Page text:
July 1998

Treatment of the Cutaneous Involvement in Stevens-Johnson Syndrome and Toxic Epidermal Necrolysis With Silver Nitrate–Impregnated Dressings

Author Affiliations

Copyright 1998 American Medical Association. All Rights Reserved. Applicable FARS/DFARS Restrictions Apply to Government Use.1998

Arch Dermatol. 1998;134(7):877-879. doi:

Toxic epidermal necrolysis (TEN) is a severe cutaneous reaction with an estimated incidence of 0.4 to 1.2 cases per million person-years. Its etiologic features are primarily drug related, most commonly caused by sulfonamides, anticonvulsants, nonsteroidal anti-inflammatory drugs, and allopurinol.1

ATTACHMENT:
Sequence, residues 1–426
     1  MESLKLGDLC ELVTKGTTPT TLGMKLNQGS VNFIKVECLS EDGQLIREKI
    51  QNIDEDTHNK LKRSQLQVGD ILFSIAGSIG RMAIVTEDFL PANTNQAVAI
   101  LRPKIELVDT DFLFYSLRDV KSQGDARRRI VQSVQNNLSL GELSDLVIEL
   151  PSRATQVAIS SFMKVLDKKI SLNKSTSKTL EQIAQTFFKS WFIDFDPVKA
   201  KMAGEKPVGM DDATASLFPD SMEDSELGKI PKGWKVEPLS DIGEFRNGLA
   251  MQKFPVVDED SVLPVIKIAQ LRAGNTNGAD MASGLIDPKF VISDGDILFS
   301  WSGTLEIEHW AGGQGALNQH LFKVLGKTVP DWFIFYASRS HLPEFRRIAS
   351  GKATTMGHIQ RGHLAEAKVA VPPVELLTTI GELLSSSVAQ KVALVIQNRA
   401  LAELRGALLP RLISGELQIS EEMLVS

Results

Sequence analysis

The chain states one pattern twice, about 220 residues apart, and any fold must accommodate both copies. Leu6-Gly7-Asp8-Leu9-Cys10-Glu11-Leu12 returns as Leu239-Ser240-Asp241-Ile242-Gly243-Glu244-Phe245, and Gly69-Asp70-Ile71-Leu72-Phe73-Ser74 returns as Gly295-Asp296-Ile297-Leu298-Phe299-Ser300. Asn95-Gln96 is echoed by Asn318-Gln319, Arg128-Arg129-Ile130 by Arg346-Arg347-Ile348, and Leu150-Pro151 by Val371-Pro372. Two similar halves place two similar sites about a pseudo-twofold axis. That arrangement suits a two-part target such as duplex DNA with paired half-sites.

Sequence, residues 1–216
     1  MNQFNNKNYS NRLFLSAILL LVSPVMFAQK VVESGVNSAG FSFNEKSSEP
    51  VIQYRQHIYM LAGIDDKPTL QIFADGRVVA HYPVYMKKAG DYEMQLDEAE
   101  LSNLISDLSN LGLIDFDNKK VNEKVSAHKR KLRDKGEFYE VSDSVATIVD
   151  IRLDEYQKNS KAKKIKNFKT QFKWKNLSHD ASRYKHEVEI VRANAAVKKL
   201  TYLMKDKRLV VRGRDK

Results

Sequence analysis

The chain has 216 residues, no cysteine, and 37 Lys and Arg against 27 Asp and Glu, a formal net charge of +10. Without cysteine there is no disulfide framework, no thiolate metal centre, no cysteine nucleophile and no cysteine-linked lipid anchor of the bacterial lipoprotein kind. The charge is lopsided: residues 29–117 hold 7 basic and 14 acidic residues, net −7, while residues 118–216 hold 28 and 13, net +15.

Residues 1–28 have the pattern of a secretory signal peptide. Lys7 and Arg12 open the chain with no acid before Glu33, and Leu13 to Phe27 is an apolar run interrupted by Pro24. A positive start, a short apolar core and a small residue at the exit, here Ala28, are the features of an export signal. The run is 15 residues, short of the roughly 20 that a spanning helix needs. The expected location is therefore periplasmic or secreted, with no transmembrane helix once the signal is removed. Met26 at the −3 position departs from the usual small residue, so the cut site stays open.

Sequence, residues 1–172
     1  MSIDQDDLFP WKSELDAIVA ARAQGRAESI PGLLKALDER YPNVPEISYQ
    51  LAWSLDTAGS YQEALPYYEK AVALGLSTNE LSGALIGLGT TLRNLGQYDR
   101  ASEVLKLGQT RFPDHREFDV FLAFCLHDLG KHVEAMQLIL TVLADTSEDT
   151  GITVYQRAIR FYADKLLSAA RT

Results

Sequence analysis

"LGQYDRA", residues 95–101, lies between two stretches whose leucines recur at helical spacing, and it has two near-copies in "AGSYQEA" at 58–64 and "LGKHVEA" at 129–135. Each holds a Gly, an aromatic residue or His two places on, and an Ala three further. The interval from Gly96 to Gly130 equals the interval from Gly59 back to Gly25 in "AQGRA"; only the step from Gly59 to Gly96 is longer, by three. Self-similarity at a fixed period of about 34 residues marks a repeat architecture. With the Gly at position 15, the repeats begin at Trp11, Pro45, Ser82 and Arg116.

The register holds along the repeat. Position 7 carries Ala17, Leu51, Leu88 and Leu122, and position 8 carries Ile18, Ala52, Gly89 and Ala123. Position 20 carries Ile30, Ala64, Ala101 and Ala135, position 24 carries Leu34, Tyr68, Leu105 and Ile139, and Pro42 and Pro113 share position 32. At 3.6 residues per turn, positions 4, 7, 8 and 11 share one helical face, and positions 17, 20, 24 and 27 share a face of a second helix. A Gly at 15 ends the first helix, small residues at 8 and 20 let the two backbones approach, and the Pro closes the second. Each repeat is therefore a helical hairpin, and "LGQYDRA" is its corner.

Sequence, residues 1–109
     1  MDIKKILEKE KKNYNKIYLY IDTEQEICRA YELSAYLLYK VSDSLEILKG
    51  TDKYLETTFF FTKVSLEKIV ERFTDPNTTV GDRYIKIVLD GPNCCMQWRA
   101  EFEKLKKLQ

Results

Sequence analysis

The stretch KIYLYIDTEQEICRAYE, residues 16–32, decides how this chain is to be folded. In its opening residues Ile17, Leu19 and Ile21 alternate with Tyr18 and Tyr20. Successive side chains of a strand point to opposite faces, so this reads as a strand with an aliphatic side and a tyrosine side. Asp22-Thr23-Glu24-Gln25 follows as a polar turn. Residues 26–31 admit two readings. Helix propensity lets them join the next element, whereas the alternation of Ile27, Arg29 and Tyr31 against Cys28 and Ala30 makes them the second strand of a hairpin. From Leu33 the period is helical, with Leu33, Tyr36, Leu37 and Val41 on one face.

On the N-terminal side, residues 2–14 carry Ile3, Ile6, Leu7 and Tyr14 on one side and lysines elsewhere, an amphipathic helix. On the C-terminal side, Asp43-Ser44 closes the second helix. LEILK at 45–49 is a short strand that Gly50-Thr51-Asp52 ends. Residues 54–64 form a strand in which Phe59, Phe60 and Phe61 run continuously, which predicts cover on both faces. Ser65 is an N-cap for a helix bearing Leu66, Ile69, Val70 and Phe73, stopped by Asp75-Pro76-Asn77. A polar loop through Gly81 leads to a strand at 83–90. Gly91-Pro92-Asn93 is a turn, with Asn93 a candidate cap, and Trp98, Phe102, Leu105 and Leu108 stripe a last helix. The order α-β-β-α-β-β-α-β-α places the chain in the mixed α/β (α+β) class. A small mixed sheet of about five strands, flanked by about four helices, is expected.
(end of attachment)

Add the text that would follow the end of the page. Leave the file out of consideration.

Therapy includes supportive care with aggressive fluid replacement, nutritional support, environmental temperature control, and antibiotic treatment as indicated.1 Controversy exists on how best to manage cutaneous involvement. We report our experience with a new dressing originally designed for patients with burns. This dressing (Soft-Sorb, De Royal Industries Inc, Powell, Tenn) can be impregnated with 0.5% silver nitrate solution (Figure 1) and allows for a moist wound-healing environment. Partially fitted, it can be left in place for 2 to 3 days, which prevents further damage to the skin and decreases the labor required.

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